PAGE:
By: Lorena Miranda || Founder || @lorenamirandabendeck
As we started 2020, our business was ripe for a growth spurt. We were prime time with the Fashion Revolution movement. With this in mind, I headed to Ghana in late February (before the COVID19 pandemic blew up around the world, more on that later) to prepare our team to scale. This time, the situation was much different than during my first visit. Now, I was no longer overwhelmed by what they lacked, instead I was excited for the changes that were about to take effect that they so urgently need and worked for.
As a small business, every penny matters. We need to be mindful of our expenses at all times. The unique thing about our business model is that we have positioned ourselves as a values based brand, and to maintain the integrity of this, we must spend money in a way that doesn't burden most small businesses: we must reinvest in the communities we source from.
Investing when cash flow is vital is a tall order, but I believe we have successfully managed to do it in a way that is positively impacts our branding and marketing strategy, therefore an important component to the overall health of our business.
What's New (Update March 2020)
1. We officially launched the Victoria Project Soap Program and created new jobs in the area.
- Moving forward, our weaving center will have soap readily available for use while in the center and at the end of each month, each weaver will receive 2 large bars of soap which should be sufficient for a family of four (4).
- The weavers are now producing products that meet our strict specifications and requirements consistently. This is a huge deal since part of our issue was that we had so many weavers weaving which caused orders to arrived in different colors and sizes. Now we only have 25 weavers that are slowly becoming Victoria Basket masters. As they get better and as our orders increase, they will then teach others how to weave our way and help create more jobs.
- We now have a Quality Control Manager and a new SEO Digital Marketing Manager. Daniel and Abraham are part of our executive team. Daniel is in charge of ensuring that our baskets are made correctly, sized properly, and woven to standard.
Prior to this, neither had secure employment. Today, they are officially employees of Sonder and Holliday in Ghana.
2. Plans to revamp the center are finally in place
For those of you who have followed our process via our Facebook and Instagram pages, you have probably seen how bad the conditions in which our weavers work are. The floor is completely dilapidated, which considering that there is a real lack of soap to wash clothes, hands, and body, is a serious hygienic problem. There is also poor ventilation and the heat is almost unbearable. It is essentially a sweatbox.
There was no electricity, internet, or any basic business tools like a computer or a printer, and not running water or plumbing.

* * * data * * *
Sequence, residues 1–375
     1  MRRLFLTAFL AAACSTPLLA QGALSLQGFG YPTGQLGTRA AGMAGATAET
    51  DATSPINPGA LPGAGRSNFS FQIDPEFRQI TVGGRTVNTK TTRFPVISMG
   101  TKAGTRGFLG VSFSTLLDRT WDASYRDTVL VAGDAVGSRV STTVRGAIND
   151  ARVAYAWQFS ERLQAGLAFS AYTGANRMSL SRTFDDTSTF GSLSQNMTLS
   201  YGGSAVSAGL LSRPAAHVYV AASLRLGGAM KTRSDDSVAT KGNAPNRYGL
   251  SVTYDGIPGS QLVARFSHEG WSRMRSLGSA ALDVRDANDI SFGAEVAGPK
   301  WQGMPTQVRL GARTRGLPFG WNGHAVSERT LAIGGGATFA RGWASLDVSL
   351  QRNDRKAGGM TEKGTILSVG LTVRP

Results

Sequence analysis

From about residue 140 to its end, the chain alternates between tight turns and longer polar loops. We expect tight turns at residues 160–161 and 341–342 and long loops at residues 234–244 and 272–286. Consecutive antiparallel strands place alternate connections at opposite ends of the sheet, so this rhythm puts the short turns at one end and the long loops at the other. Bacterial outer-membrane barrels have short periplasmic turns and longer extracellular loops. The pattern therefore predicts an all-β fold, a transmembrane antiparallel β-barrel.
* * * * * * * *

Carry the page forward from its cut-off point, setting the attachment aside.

Until now. A few things have already started moving.
- Computers and IPhones have been provided to key members of the team which will be used to communicate information as well as provide them with access to the world outside their village.
- Internet is now accessible through a portable hotspot which we provided for the IPhones and the laptop. We intend on providing more in the future as we grow.
- Plans and a budget to rebuild the floor and reinforce the walls and ceilings are finally in motion. Once we have estimates and the proper people who will be working on the project we will update all of you! This is a major part of our reinvestment plans.
3. The weavers have a renewed sense of pride about their work
This is a big deal for us. Part of our mission as a brand is the empower those we work with which is why we deliberately choose to work with some of the world's most vulnerable communities. This is a crucial part of our agenda and branding strategies as a business and brand.
Since we pay about 3-4 times local market value, our weavers understand that weaving for Sonder and Holliday is very prestigious. We only work with the best and if you want to be a part of our team, you must learn how to meet our expectations. These are big benchmarks in some cases, therefore, when a weaver is formally a part of our team, they feel a lot of pride and accomplishment, especially since in many cases, the weavers have been made to believe that weaving baskets is the last resort for the poor and uneducated.
The Coronavirus outbreak is hindered our operations a bit given that we are taking extra measures to ensure that our team remains safe in Ghana. The biggest impact we have felt is in our wholesale and store orders. Since the grand majority o